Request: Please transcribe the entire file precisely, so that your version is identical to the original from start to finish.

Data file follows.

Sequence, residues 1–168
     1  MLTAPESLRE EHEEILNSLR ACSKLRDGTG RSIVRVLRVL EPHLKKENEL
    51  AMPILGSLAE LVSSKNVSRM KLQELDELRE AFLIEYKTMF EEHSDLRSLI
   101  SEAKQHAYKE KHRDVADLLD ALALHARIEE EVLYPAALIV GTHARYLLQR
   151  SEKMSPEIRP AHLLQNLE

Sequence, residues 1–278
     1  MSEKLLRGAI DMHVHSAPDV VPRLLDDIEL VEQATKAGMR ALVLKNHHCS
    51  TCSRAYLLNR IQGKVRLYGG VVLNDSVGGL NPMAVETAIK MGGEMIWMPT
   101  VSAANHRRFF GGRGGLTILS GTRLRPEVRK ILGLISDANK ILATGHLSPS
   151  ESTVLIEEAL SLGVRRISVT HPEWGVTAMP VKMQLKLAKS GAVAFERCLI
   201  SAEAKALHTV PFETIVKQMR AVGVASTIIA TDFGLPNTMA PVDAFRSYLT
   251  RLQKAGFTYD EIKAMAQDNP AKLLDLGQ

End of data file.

Sequence, residues 1–168
     1  MLTAPESLRE EHEEILNSLR ACSKLRDGTG RSIVRVLRVL EPHLKKENEL
    51  AMPILGSLAE LVSSKNVSRM KLQELDELRE AFLIEYKTMF EEHSDLRSLI
   101  SEAKQHAYKE KHRDVADLLD ALALHARIEE EVLYPAALIV GTHARYLLQR
   151  SEKMSPEIRP AHLLQNLE

Sequence, residues 1–278
     1  MSEKLLRGAI DMHVHSAPDV VPRLLDDIEL VEQATKAGMR ALVLKNHHCS
    51  TCSRAYLLNR IQGKVRLYGG VVLNDSVGGL NPMAVETAIK MGGEMIWMPT
   101  VSAANHRRFF GGRGGLTILS GTRLRPEVRK ILGLISDANK ILATGHLSPS
   151  ESTVLIEEAL SLGVRRISVT HPEWGVTAMP VKMQLKLAKS GAVAFERCLI
   201  SAEAKALHTV PFETIVKQMR AVGVASTIIA TDFGLPNTMA PVDAFRSYLT
   251  RLQKAGFTYD EIKAMAQDNP AKLLDLGQ